Attention Stay-at-home Moms who used to work. You may believe it was your choice to leave the workplace but a new study questions whether stay-at-home moms are in denial about workplace discrimination. Was it really a choice or was it an absence of female bosses, flex time and equal pay that pushed you, not so gently, and maybe even covertly, into your role as a full-time mother?
This study, conducted by two women, fascinates me. Their contention is that there is a “baby barrier” pushing women out of the workplace and deluding the same women, who were admittedly smart enough to have had careers in the first place, into thinking it was their decision to leave. They also point out that with more women leaving their careers midstream, there are too few women left at the top to really effect change.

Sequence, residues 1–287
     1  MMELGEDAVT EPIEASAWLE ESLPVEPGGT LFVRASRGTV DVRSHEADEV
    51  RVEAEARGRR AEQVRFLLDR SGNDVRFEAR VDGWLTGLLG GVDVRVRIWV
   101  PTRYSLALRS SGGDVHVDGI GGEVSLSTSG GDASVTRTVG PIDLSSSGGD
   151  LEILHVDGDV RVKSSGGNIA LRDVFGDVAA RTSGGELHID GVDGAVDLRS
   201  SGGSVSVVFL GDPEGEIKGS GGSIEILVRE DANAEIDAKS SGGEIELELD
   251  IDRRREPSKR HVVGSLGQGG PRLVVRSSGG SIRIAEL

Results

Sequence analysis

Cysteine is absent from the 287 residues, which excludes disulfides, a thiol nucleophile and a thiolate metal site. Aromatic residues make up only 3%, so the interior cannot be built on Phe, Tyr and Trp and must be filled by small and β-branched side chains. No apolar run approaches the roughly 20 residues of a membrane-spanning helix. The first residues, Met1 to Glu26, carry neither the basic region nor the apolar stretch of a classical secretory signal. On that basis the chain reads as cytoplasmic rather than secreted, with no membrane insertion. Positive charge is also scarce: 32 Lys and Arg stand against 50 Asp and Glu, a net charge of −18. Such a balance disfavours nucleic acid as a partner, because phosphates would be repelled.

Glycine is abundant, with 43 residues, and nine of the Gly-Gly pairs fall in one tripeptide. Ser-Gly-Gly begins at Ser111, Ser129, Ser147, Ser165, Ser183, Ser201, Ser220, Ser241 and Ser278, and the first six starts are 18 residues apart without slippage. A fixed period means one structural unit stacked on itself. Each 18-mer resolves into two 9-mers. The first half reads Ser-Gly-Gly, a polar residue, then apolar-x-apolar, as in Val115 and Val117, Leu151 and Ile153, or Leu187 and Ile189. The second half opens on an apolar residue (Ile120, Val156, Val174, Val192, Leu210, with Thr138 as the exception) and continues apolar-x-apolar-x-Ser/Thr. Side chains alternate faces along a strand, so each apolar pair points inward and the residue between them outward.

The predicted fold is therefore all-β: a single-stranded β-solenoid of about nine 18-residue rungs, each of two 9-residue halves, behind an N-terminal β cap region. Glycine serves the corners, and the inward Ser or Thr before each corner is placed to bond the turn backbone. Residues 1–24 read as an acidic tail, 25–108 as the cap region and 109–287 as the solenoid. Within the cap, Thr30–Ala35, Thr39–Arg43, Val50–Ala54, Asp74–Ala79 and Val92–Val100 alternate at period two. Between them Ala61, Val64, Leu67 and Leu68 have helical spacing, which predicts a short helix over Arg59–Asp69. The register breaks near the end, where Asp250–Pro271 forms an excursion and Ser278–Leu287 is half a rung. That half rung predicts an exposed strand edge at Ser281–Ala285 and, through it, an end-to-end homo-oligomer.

The authors saw a disconnect between our generation’s view that men and women have finally leveled the playing field when it comes to career opportunities and the reality that having a baby is still a career ender for many women. The authors believe many of those women would have chosen to remain employed had they had more mommy friendly policies and support systems available to them.
That may be true but … and this is a big but … those some stay-at-home “victims” report much higher levels of overall contentment than their working peers … and a greater sense of control over their lives.
One of the study’s authors, Nicole Stephens from Northwestern University says, “The discussion about women’s workplace departure could be reframed to recognize that many women do not freely choose to leave the workplace, but instead are pushed out by persistent workplace barriers such as limited workplace flexibility, unaffordable childcare and negative stereotypes about working mothers.”
Read it and let us know what you think!